Last week, my sister-in-law and I headed to Murray, Kentucky to attend a Sew Purty Workshop hosted by Ray Elkins. The focus of this class is vintage machine restoration. Ray is unique in that he welcomes nonworking machines at his workshops. His rationale is you’ll learn more from a seized up machine. I tend to agree. My sister-in-law took a Singer 27 treadle machine from 1899 to work on. It was a lot of HARD work, but my SIL was able to get her seized up machine to turn freely and sew a nice stitch!
I took a 1935 FW (Jane) that was originally purchased at a local estate sale to be my repaint machine. The lead time for good FW painters is at least 2 years. I figured I would use her as my learning machine during that time. Well…after this weekend, I think it’s safe to say she’ll remain as she is. Ray was right. Jane (the FW) has a story and her wear marks tell it. I can take her anywhere and not worry about scratching up an expensive custom paint job. The old girl had a complete makeover inside and out. I’d performed a basic machine service when I first got her to get her stitching, but she never ran as well as the early Featherweights are reported to operate. Now she does!
Much of what I learned at the FW spa day class back in 2019 has served me well. This class took things to an entirely different level. I got inside the machine – taking out the presser bar and needle bar assemblies, light housing, complete stitch length lever assembly, hook assembly, and tension unit. (The only parts I didn’t disassemble were the mechanisms involving the toothed gears and motor.) Everything was cleaned, inspected, lubricated, repaired/replaced as needed and put back in place, except for the vintage thread cutter, which gets in my way! The exterior was cleaned using Ray’s methods and every bit of chrome was polished using my new, knock-off Dremel. I cannot tell you how much grime came off the machine. It was so gross. A coat of Renaissance Wax was applied and buffed out. Her after picture is what you see in this post.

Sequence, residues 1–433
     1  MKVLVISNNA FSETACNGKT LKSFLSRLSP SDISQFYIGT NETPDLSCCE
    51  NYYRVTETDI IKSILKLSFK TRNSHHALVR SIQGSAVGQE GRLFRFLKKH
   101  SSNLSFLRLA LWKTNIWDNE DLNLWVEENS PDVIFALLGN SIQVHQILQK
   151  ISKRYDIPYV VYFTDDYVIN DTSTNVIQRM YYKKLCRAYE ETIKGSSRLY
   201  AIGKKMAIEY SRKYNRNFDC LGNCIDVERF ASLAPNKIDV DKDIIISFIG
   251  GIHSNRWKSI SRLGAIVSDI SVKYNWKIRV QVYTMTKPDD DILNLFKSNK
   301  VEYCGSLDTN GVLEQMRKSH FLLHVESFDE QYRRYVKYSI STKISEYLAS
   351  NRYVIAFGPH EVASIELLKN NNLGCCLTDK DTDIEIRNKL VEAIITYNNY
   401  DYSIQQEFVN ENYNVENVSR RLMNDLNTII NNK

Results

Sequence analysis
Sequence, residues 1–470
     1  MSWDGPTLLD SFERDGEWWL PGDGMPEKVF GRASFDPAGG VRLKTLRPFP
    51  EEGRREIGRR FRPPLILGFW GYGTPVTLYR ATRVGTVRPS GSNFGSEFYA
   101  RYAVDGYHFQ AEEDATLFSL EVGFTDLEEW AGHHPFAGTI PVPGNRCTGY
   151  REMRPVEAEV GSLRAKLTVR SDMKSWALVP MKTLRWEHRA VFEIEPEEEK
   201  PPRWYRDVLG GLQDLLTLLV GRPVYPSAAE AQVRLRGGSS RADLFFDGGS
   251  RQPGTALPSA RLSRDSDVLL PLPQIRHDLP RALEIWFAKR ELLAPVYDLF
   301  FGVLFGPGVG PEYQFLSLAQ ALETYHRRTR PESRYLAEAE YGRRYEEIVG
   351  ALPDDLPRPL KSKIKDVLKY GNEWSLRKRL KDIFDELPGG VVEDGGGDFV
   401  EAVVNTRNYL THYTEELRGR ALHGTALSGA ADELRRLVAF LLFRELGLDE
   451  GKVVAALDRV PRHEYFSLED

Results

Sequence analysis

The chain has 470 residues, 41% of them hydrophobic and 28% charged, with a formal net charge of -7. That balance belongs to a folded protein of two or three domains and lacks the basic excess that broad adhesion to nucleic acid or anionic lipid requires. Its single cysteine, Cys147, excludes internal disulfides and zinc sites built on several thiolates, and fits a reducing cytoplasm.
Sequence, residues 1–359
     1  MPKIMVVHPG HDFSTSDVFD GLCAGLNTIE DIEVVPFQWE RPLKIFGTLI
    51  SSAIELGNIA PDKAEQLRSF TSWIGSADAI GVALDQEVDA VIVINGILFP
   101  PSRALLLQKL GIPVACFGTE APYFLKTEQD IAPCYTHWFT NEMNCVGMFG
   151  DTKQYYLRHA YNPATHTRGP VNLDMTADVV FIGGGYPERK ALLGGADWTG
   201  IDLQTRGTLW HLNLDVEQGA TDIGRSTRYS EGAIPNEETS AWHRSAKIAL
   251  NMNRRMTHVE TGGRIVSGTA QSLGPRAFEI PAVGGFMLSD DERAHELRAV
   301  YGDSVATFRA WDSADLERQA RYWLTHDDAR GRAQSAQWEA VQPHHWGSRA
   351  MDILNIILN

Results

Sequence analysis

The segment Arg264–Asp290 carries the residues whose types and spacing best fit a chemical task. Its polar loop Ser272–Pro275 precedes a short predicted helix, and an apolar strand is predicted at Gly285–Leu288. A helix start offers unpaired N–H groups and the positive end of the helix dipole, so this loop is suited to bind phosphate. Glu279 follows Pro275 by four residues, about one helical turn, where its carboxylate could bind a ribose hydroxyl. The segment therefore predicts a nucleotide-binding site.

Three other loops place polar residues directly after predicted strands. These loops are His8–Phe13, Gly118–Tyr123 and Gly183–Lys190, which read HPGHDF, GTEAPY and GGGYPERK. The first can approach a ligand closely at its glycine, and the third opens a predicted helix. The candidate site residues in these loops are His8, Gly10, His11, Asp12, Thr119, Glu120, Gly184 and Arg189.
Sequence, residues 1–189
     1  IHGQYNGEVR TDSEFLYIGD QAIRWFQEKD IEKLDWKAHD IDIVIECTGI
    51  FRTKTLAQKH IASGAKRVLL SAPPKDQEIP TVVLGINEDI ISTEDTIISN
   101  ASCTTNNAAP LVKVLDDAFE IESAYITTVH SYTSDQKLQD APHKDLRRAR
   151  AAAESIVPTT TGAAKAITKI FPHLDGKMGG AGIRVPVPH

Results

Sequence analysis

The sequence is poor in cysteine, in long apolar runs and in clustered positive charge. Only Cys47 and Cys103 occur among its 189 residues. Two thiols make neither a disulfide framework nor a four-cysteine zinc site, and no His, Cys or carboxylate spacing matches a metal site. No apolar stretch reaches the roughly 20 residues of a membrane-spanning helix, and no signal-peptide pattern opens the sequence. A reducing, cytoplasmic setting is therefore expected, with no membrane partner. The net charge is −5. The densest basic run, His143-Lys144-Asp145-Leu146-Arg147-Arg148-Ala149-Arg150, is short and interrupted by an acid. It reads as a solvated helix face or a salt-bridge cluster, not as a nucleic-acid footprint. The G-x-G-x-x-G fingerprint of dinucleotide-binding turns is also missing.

Learning how to properly set the presser foot height, needle bar height, hook timing and how to put the old-style tension assembly back together (without a picture) were huge for me. I have the adjuster/service manuals, but things didn’t click until I made the adjustments myself under his watchful eye. Ray also shared some tips for carbon brush replacement and motor maintenance. Others FW owners in the class advised giving the 221 case the “Ruthie” treatment prior to coating the box inside and out with Howard’s Feed & Wax. Let the case sit for several days and then wipe off any residue. No more stinky FW case!
Jane will get upgraded to a numbered tension dial and the bare spots on her bed touched up with black paint. She’s already sporting a new Superbelt, bed cushions and an LED bulb. Her foot controller is an early metal style, but I’m not sure if it’s original to her. It works, but needs some serious TLC. That’s a project for another day. I prefer the newer electronic foot controllers anyway.
Some of my stitchy friends have requested an introductory FW/maintenance class. Oh, I can certainly do that!
Keep on quilting!